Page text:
Sierra Leone holds first post-Ebola camp

The Sierra Leone Conference has wrapped up its first post-Ebola children’s camp at Harford School for Girls here. The program ended with a thanksgiving service at the city’s Trinity United Methodist Church.

The one-week camp of mainly United Methodist children was suspended in 2014 and 2015 amid the world’s worst Ebola outbreak in West Africa, which caused more than 11,000 deaths worldwide, the majority of them in Sierra Leone, Liberia and Guinea, according to the World Health Organization.

Olivia Fonnie, director of Christian Education and Specialized Ministry to Children for the conference, said about 210 children attended Camp 2016 held July 25-31, the highest camp enrollment she has seen as director.

“The children are excited after having missed out on camping (the two previous years),” she said.

“One of our responsibilities in the church is nurturing the children for Christian life, and we believe that bringing the children together for a week and teaching them the word of God and Christian ways, creating the opportunity for them to meet new friends and learning from one another will shape their lives for the future.

“We also believe that children coming from the cities and meeting others from remote rural communities, who struggle with very few opportunities, will (help them) learn to appreciate what God has given them,” Fonnie said.

Glad to be back

For 11-year old Augustine T. Jimissa, a second-time camper from the Albert Academy Secondary School in Freetown, camping has always been something he looked forward to because it provided him an opportunity to make new friends and experience new ideas.

He said children learn to be honest and kind to others, and he hopes to take the virtues he learned at camp back to his home and school, adding that he will try to live a holy life and be more polite to people.

The children at the camp were divided into four houses — Hannah, Paul, Ruth and Joseph — and everything they did was on a competitive basis.

Jimissa likes soccer and, though it was the peak of the rainy season in Sierra Leone, he and his friends found time to go out and play his favorite game.

“We had a schedule for inter-house competitions. Those of us who were not chosen to play in the main teams would organize ourselves into mock teams and play on the outskirts when the real house teams were playing in the field,” he said.

Nelson Sinnah, 9, said he loved participating in activities that taught kids to work hard, because he thinks most are spoiled back at home.

He said he made friends from Bo, Freetown and other places and hopes to keep in touch with them after camp, although he doesn’t know exactly how he would do that.

Like Jimissa, Sinnah said camp will change his life after he goes back home. “I will be kind to others. I’ll stop all my bad attitudes and change them to good.”

Learning about God

Asked what he would tell others if he were to invite friends to attend a United Methodist children’s camp, he said he would tell them that they should not be scared of leaving their homes to attend camps and that they would have fun.

 “Our teachers teach us more about God. We make new friends. We do lots of activities. There is time for everything — time for Rise and Shine, breakfast, devotion and other activities.”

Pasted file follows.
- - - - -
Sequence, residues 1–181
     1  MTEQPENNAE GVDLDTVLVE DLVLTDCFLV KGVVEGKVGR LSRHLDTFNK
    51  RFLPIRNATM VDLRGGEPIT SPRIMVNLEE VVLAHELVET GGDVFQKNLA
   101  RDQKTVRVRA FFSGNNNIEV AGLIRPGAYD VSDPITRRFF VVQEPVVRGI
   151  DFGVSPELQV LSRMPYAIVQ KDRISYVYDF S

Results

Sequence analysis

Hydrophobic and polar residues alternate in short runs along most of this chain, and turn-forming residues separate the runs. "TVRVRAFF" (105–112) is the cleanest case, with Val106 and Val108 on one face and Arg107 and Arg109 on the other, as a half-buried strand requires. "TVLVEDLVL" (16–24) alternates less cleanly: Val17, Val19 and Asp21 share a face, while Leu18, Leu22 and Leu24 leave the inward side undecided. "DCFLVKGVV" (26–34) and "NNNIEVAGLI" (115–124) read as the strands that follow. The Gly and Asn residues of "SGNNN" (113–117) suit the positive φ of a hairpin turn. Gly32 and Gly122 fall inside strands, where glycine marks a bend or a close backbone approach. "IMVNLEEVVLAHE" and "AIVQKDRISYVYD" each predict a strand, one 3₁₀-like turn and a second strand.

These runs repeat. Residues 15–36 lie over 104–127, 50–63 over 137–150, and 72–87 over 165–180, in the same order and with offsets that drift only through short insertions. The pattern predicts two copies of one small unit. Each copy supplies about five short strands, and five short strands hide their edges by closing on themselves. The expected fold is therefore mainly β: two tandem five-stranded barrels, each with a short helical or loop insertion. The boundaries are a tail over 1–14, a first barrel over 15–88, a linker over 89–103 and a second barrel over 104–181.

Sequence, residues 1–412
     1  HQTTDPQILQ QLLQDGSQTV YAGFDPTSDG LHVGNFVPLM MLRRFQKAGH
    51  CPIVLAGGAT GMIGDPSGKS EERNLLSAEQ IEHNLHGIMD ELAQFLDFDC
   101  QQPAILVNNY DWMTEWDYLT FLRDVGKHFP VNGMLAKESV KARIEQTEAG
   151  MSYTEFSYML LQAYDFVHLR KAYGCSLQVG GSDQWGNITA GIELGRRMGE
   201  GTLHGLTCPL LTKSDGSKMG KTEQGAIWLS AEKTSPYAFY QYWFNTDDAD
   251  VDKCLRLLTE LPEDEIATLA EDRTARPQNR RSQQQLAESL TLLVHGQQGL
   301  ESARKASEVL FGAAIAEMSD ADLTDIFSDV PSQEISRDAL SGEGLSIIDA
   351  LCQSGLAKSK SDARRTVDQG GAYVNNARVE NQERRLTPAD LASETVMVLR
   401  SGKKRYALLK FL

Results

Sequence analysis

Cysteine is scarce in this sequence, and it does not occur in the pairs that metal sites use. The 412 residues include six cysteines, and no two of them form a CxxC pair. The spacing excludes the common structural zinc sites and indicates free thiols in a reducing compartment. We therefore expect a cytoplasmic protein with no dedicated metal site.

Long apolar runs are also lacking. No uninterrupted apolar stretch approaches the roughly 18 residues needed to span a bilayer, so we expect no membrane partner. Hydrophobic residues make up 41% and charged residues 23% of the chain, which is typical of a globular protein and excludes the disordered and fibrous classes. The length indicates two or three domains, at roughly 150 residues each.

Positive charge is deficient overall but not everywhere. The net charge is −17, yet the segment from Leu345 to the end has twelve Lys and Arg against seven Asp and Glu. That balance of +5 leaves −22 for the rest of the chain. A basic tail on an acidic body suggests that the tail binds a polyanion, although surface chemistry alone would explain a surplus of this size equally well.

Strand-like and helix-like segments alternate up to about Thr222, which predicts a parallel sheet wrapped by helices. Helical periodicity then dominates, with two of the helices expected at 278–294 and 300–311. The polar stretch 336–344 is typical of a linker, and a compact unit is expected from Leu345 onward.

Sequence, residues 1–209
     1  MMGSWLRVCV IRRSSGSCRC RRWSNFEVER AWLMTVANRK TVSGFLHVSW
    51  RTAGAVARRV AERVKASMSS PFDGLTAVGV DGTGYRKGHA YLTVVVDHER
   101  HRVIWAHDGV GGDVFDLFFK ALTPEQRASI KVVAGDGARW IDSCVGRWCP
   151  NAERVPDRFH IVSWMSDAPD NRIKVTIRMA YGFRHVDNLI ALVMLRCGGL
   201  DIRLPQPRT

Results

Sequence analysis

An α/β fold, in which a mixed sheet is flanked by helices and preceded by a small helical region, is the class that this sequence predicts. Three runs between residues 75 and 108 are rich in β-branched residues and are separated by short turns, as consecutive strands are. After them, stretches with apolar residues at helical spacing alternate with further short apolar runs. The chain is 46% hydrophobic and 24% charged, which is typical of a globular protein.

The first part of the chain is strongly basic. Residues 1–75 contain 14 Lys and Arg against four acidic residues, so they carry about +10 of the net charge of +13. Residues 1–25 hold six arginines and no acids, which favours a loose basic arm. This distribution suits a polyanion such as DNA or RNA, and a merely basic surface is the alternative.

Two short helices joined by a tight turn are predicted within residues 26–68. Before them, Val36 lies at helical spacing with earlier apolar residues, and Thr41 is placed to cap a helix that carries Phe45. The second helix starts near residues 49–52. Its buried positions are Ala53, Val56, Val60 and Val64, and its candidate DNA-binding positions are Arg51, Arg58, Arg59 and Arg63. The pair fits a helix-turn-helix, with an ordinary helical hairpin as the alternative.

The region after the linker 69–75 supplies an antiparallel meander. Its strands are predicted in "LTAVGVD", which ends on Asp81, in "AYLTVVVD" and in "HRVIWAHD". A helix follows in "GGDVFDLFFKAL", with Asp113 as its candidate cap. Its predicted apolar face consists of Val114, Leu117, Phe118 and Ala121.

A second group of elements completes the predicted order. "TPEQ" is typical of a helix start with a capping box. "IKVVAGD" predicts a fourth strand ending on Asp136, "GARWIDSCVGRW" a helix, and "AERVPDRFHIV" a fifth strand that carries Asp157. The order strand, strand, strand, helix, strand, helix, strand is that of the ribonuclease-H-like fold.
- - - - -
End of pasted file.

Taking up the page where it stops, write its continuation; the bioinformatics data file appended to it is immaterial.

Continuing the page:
Tity Conteh, an 11-year-old first-time camper from Kabala United Methodist Church — one of the conference’s newest mission areas — enjoyed camp activities such as playing handball and soccer.

She said the camp taught her to show kindness, be helpful and show concern for one another. She said she will take home those messages to her mother and will invite her friends to attend Camp 2017.

Eleven-year-old Emasu T. Laggah from Dele Preparatory School in eastern Freetown said she enjoyed the competitions, especially the quizzes, because they taught campers to accept that in competitions, there are winners and losers.

She said the quizzes challenged her to go and read more about the Bible, her country’s history and current affairs.

She encourages all children who have not had the opportunity to go camping to get involved next year, so that they may learn about hospitality, love and the Bible, just as she did at Camp 2016.

Jusu is director of communications for The United Methodist Church in Sierra Leone. News media contact: Vicki Brown at (615) 742-5470 or [email protected] 

Sign up for our newsletter!

umnews-subscriptions
Mission and Ministry
The Nyadire Social Committee distributes food to families at The United Methodist Church’s Nyadire Mission in Mutoko, Zimbabwe. The Nyadire Connection, an all-volunteer group founded by individuals from a network of United Methodist churches in Pittsburgh, raised more than $25,000 for food relief at the mission. Photo by Kudzai Chingwe, UM News.

Donations pour in for church hospitals, missions

United Methodist hospitals in Zimbabwe receive protective gear for front-line workers, while mission families get food relief from Nyadire Connection.
Mission and Ministry
An Africa University student and a Yale student have co-founded a company they hope can provide small solar-powered clinics in African communities that have no health care. The students are Munyaradzi Chakonda (left) from Africa University and Jon Schulder (right) from Yale. Composite created by Kathleen Barry, UM News.

AU, Yale students aim to fill health care gaps

An Africa University student and a Yale student have co-founded a company they hope can provide small clinics in African communities that have no health care.
Faith Stories
Yed Esaie Angoran, a key leader in The United Methodist Church in Côte d’Ivoire and the global denomination, died June 13. He was 73. 2008 file photo by Mike DuBose, UM News.

Yed Angoran, a global leader, dies at 73

Yed Esaie Angoran, a leader in both The United Methodist Church and the country of Côte d’Ivoire, died of a heart attack.